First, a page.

The following is less a long-form essay and more a series of semi-connected thoughts concerning the Benedict Option and American Protestantism. I’ve broken them down with headers in hopes of making it easier for readers to pick out which parts are of greatest concern to them.
So far much of the conversation about the Benedict Option has been amongst American Catholics and Orthodox. Part of this, no doubt, is because the very name “Benedict Option” is drawing on traditions of monasticism that are far more at home in Rome and Constantinople than in the various Protestant traditions.
That said, the problems that the BenOp is trying to address will concern all small-o orthodox Christians and so Protestants must have a way of thinking about this and talking about that is plausible for Protestant believers. (Indeed, it’s worth noting that many of the businesses currently tied up in legal battles appear to be run by Protestants.)
Why the BenOp Discussion is Led by non-Protestants
First, we need to be clear on why Catholics and Orthodox have taken the lead in this conversation. There are two main reasons for this:
- First, historically Rome especially has been much better at thinking institutionally, which is a necessary element of the BenOp.
- Second, Roman and Constantinopolitan (you learned a new word) ecclesiologies both emphasize the exclusivity of their ecclesial bodies (as well as their magisterial authority in Rome’s case) so the idea of being a separate, withdrawn community existing outside the mainstream isn’t really that new for American Catholics and Orthodox. Indeed in one sense it is not so much a prescription of what they ought to be but is simply a description of what they always have been (in the United States at least).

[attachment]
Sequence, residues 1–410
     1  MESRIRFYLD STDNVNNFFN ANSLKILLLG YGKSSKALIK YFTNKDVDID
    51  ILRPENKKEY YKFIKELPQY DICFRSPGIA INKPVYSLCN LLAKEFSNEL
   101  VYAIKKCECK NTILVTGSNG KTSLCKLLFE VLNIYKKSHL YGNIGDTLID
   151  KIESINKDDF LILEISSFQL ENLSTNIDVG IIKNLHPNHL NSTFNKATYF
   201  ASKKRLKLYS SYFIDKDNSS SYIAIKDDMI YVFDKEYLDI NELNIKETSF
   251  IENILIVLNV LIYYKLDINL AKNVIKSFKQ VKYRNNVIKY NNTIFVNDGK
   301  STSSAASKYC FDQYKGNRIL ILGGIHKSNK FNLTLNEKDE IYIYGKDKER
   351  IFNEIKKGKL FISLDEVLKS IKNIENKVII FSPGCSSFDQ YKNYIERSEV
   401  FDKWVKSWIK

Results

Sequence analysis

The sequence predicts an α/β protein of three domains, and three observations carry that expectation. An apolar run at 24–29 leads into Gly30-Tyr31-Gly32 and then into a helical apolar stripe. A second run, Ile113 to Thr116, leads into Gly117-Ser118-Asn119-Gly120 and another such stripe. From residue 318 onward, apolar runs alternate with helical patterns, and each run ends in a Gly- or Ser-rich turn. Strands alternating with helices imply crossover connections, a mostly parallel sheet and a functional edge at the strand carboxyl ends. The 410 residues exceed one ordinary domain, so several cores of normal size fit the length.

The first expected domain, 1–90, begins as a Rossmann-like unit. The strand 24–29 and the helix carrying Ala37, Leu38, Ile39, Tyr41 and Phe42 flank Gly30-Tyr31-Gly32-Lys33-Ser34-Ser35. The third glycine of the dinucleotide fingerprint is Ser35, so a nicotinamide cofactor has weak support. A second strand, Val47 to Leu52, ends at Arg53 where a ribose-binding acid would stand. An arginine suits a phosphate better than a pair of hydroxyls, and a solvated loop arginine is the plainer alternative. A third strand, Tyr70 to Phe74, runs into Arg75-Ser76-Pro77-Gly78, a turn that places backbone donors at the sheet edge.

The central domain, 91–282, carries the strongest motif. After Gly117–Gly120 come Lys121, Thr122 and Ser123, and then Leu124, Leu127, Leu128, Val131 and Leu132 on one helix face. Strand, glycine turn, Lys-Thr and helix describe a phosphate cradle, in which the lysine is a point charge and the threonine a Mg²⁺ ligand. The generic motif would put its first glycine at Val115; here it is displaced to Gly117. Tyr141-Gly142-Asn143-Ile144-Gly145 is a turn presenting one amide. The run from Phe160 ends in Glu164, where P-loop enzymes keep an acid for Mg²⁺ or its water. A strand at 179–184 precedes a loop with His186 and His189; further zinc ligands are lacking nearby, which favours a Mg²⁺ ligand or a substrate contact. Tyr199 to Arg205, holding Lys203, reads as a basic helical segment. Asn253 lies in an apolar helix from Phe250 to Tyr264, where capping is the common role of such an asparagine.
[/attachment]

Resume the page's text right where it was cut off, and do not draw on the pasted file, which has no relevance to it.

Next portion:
The second point doesn’t need further explanation, but the first does. Part of the institutional strength of Rome is simply an inevitable function of two things. First: the fact that they have existed as a unified institutional body for a very long time. Second: the fact that their pastors are single. When you have a parish structure with church buildings that are mostly paid for and you have single pastors who don’t have families who are living in rectories that are mostly paid for you will have more money to use on other things.
As a result, it is easier financially-speaking for Rome to build strong institutions (their school system, most notably) because they have more money to do so. Most churches in the Lincoln diocese, for example, give the vast majority of their money to maintaining the Catholic schools with the result being that Catholic families can send their children to Catholic schools for about 1/5 the cost of sending a child to our city’s largest Protestant school.
Conversely, priests in the Lincoln diocese on average make between 1/3 and 1/4 of what the typical pastor in my denomination is paid. Stretch that out over all of Lincoln’s priests and all of Lincoln’s evangelical pastors and the difference in available funds for other work easily creeps into six and maybe even seven figures.
On this point, there isn’t much evangelicals can do to address the problem. The old model of having a parsonage next to the church for the pastor’s family is basically extinct and would be very expensive to revive. (And it would be impossible for many suburban churches that don’t have houses next to their building anyway due to the size of their campus.)
Additionally, our pastors aren’t going to stop having families any time soon–nor should they. This isn’t a point about why Rome is better than Protestantism but simply about the practical realities of the two groups.